Finally, in February 1969, U.S District Judge James Parsons found both of the Moravecs guilty, allowing them to plead “no contest” to the charges. 

Parsons sentenced both Moravecs to five years in prison and fined each of them $10,000. Henry Moravec Jr. received an additional six months and one day in prison on 13 counts of fraud.

Judge Parsons suspended all of the sentences, except for Henry Jr.’s six month additional sentence. An editorial published in the Tribune following the verdict indicated that he may have had to serve at least two months of that sentence.

Federal prosecutor Michael Nash was outraged at the judge allowing the Moravecs to plead “no contest” instead of “guilty” and asked for harsh sentences for both men.

“Men in similar positions in other institutions are watching to see what would happen if they steal this much money,” Nash is quoted as telling the judge in the Tribune report of the sentencing hearing.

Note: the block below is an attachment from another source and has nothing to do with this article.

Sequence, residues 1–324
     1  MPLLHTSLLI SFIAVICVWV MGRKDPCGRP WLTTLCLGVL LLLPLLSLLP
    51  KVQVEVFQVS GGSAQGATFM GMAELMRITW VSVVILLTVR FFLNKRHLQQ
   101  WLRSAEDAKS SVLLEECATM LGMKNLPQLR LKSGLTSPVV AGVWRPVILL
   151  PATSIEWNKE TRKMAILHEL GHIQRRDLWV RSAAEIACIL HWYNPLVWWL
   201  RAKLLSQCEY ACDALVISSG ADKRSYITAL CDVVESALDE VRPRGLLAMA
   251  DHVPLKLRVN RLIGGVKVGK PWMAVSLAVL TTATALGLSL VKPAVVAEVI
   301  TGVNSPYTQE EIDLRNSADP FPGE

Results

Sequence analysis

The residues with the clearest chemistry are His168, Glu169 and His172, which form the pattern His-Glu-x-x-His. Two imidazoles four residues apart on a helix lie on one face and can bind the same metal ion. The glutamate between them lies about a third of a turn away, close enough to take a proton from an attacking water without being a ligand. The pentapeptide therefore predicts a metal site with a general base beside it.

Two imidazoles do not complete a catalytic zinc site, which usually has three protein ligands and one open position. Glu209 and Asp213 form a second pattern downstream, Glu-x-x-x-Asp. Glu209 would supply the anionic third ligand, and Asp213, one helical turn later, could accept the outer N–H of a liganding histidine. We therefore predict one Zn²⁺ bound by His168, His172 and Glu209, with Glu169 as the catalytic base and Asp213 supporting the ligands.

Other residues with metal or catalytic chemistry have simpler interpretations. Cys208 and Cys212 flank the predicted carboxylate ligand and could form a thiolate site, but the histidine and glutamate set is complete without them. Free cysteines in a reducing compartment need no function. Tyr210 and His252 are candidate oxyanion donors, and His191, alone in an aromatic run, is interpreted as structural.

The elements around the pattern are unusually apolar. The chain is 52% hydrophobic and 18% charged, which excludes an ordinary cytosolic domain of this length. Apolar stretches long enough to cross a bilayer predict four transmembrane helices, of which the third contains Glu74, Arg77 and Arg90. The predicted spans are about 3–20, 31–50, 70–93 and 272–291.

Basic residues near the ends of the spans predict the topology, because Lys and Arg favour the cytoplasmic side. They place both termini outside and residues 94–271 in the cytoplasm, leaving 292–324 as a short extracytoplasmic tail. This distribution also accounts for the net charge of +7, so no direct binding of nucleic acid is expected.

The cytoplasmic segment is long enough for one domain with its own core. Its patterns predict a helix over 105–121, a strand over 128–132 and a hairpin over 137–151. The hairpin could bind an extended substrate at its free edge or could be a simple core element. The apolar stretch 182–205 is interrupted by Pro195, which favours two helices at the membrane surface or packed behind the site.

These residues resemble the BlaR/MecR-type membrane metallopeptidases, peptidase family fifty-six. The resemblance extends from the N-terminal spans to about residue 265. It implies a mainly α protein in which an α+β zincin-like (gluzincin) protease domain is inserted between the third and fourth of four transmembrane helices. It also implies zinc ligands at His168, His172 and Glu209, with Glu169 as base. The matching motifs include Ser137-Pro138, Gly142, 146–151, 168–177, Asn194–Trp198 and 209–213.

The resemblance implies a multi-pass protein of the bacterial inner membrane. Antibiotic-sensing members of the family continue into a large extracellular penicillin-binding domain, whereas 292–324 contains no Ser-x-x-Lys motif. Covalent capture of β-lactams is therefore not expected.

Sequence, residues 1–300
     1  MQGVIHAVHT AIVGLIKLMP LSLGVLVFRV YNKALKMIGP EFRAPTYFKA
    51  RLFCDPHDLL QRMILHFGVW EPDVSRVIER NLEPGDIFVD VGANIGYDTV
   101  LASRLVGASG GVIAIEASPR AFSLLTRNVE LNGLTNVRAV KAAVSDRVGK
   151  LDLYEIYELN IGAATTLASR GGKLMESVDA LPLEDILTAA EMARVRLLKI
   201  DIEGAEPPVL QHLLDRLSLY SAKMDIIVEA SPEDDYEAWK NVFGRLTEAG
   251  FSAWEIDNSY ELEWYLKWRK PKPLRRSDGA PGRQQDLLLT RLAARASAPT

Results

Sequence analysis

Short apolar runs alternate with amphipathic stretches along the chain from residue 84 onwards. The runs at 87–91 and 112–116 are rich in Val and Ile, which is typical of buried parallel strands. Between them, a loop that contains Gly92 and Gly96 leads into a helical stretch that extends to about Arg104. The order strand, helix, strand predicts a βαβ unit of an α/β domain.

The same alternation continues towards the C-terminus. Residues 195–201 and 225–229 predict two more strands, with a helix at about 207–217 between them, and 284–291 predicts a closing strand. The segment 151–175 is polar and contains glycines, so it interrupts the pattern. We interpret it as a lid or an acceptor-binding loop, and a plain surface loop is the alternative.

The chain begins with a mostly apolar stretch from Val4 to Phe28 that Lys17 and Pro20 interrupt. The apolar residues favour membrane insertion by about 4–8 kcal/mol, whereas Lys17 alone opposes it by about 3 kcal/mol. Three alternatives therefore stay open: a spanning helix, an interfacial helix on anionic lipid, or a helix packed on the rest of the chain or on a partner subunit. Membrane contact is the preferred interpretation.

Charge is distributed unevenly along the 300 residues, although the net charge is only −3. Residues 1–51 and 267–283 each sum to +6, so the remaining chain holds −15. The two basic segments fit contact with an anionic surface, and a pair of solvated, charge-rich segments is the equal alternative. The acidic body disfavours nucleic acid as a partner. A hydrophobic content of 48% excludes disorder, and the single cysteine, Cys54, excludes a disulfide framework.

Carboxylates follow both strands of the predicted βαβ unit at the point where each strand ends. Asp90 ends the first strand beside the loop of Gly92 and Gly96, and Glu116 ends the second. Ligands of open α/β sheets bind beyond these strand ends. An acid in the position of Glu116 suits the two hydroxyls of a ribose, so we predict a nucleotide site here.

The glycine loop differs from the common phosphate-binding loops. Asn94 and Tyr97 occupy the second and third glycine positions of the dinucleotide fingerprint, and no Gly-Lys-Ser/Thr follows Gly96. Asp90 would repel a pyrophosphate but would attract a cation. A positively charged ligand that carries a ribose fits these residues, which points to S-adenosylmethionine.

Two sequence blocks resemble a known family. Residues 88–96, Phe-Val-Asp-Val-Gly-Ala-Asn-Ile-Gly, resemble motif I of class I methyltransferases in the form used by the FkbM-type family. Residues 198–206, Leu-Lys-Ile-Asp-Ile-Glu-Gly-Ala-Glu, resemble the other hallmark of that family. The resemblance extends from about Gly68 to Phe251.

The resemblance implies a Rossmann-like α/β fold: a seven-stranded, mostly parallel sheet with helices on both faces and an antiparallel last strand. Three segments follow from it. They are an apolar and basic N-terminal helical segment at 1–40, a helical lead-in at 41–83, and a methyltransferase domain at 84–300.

Judge Parsons in announcing the sentences told the defendants, “I appreciate your not putting the court through a trial that might have lasted five or seven weeks,” according to the Tribune.

All of the Moravecs would melt from the Chicago area – Henry Jr. had long since moved to Lake Geneva, Wisconsin — decamping to California.

Henry Moravec Sr. and his older brother, Jerome, died within a few months of each other in 1975. Henry Moravec Jr., now in his 80s, still resides in California. He could not be reached for this series.

His son, Henry Moravec III, an attorney in San Marino, California, who was just a toddler in the early 1960s, said his parents never spoke much about the savings and loan. He said he’d been told his grandfather had sold the savings and loan in the mid-1960s, but details were scarce and family memorabilia from that period was lost.